My, how quickly things change. It wasn’t much more than a year ago that Apple and Google were happy partners — at least from the public’s perspective — working in tandem to push technology forward at a clipping pace. Google’s search and various apps complemented the iPhone perfectly, and the existing Android phones merely affirmed how much better the iPhone was than everything else on the market. And then everything went to hell.
Late last July, we broke the news that Apple blocked Google’s official Voice application and removed any third-party applications that supported the service, sparking an FCC inquiry into why Google Voice was banned from the iPhone.
Today marks the one year anniversary of Apple’s response to the FCC, in which it gave a remarkably disingenuous explanation as to why Google Voice wasn’t on the iPhone: Apple was still “pondering” the matter. A year later, it apparently still is.
Google Voice is nowhere to be found on the App Store, and while Google has developed an impressive web version for the iPhone, it can’t provide the same performance or ‘native feel’ of a native app and it can’t access the phone’s local contacts directory (at least, not yet). In light of today’s milestone I reached out to both Apple and Google to see if there’s been any progress. Both declined to comment.
Of course, Google Voice itself was never the key issue at play — the service was only available in a private beta when it was blocked from the iPhone. Indeed, most of the outcry stemmed from the fact that Apple was blatantly using its control over the App Store’s walled garden for anti-competitive reasons. Before the Voice fiasco Apple had drawn plenty of heat over its inconsistent App Store approval policies, but most of these removals could be ascribed to the notion that Apple was censoring apps to help maintain the quality and safety of the App Store. That clearly wasn’t the case here: Apple saw Google’s increasing presence on the iPhone as a threat, so it killed it.
Soon after the Google Voice fiasco, I abandoned my iPhone for Android (TechCrunch founder Michael Arrington quit his iPhone too). My rationale had little to do with wanting to use Google Voice more frequently. Rather, it had a lot to do with the knot I got in the pit of my stomach as I imagined just how important Apple’s stranglehold over the iOS platform will become in the next five years and beyond.
The runaway success of the iPhone and the iPad have made it clear that the App Store and iOS are only going to become more ubiquitous. The new Apple TV will soon feature them. In all likelihood Apple will find ways to integrate iOS into form factors that are more competitive with desktop and laptops. Simply put, iOS will be synonymous with computing for a lot of people.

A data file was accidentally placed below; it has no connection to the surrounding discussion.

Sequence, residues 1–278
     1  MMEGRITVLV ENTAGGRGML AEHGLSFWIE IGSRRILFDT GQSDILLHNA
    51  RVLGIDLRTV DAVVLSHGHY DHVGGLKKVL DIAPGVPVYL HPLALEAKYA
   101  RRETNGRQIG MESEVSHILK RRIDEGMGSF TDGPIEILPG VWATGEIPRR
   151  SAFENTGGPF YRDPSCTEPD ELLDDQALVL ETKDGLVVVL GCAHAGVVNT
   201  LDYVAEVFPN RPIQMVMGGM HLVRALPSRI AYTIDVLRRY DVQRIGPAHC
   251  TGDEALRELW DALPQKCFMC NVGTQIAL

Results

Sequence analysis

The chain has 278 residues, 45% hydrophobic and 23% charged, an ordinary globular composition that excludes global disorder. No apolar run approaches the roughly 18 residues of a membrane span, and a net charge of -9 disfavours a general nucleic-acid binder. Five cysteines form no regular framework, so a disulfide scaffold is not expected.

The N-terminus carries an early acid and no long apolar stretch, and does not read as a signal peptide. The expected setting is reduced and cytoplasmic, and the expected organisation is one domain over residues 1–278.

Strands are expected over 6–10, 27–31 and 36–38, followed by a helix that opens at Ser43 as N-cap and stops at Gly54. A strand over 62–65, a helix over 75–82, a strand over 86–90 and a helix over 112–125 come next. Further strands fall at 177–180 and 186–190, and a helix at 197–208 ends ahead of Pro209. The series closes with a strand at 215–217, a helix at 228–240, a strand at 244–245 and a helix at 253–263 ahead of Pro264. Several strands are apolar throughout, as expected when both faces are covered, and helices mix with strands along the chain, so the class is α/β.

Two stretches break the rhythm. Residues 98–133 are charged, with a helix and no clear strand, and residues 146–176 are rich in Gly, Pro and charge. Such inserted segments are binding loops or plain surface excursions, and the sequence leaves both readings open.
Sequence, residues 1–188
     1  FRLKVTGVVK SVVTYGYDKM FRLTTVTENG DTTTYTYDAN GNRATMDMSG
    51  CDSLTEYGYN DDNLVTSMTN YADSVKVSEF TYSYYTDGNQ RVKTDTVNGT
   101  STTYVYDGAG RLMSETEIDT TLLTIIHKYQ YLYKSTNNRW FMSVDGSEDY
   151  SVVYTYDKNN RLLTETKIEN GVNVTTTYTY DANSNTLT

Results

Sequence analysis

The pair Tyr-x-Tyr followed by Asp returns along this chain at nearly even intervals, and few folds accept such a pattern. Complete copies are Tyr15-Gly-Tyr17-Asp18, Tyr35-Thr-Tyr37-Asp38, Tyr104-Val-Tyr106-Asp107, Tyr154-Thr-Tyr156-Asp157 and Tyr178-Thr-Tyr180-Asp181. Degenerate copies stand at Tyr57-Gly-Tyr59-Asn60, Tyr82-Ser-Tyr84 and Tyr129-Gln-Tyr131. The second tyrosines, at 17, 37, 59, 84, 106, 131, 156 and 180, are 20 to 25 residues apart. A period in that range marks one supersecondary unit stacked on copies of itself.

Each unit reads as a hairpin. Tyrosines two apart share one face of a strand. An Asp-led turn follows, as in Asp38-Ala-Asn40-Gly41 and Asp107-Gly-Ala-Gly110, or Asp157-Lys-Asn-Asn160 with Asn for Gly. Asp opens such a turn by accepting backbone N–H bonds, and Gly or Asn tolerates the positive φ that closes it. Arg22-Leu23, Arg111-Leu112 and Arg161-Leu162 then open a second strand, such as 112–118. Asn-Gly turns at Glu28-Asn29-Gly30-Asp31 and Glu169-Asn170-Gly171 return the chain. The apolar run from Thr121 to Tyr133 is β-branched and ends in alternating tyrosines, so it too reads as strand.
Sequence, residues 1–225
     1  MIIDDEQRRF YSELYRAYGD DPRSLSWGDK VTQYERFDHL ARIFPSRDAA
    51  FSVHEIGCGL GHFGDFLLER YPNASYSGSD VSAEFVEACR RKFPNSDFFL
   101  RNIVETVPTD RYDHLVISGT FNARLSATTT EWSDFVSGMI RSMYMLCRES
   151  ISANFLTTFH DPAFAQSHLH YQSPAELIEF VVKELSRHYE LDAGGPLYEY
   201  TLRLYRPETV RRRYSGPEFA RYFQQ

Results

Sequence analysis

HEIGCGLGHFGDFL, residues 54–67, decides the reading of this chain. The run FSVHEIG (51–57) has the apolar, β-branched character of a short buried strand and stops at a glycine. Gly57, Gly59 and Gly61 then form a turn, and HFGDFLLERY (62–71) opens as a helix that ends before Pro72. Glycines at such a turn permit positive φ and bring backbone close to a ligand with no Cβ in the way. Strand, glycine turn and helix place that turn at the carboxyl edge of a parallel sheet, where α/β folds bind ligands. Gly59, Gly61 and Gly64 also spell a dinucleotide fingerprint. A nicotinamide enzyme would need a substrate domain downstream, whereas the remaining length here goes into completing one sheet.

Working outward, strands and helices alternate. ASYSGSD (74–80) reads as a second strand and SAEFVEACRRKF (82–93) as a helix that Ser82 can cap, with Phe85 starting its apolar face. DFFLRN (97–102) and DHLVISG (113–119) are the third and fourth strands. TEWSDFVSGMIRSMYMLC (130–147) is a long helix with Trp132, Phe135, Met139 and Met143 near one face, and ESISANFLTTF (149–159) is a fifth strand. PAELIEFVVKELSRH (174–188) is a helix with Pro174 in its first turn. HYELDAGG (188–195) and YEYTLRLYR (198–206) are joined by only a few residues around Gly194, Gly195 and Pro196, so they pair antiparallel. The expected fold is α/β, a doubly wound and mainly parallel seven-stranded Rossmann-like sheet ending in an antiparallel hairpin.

Tim O’Reilly believes that Apple is trying to build a fundamental challenge to the web. A web controlled by a single company. Apple may have intended to use the App Store’s approval system to protect customers and the user experience, but it has the convenient side effect of enabling it to stifle anything that could compete with its own products on the iOS platform. Remember, we are still very early in this game, and the App Store had existed for just one year before Apple gave Google the boot. Is there any doubt it will do the same the next time someone tries to encroach on its turf?
Most of Apple’s ardent defenders will simply tell people like me to go use another, more open platform if they have a problem with the App Store and Apple’s policies. Fair enough. But the time and uncertainty involved in having to switch to a new computer platform are far from trivial, and eventually we may have kids who are raised on iOS — getting them to switch platforms so they can use an innovative new browser or FaceTime competitor or whatever else Apple is quietly blocking from the App Store will be no easy task. It is this inertia, which is only going to become more difficult to overcome as iOS becomes more successful, that troubles me most. Apple will be able to get away with even more egregious behavior, because its users will want to stick with what they know.
Disclosure: Months after the Google Voice/Apple story broke I had my number ported over to the service (just as Michael did). All users will be getting access to this feature soon.
Image by Brian Hillegas
Started by Steve Jobs, Steve Wozniak, and Ronald Wayne, Apple has expanded from computers to consumer electronics over the last 30 years, officially changing their name from Apple Computer, Inc. to Apple, Inc. in January 2007. Among the key offerings from Apple’s product line are: Pro line laptops (MacBook Pro) and desktops (Mac Pro), consumer line laptops (MacBook Air) and desktops (iMac), servers (Xserve), Apple TV, the Mac OS X and Mac OS X Server operating systems, the iPod, the...
Google Voice is a free Internet service that uses VoIP technology to link phone numbers together. GrandCentral was relaunched as Google Voice on March 11, 2009 with new features, including voicemail transcriptions and SMS managing. Users of Google Voice are able to select a single U.S. phone number, from various area codes. When a Google Number is called, any or all of the user’s phones may be set to ring. Which phone(s) ring can be set based on...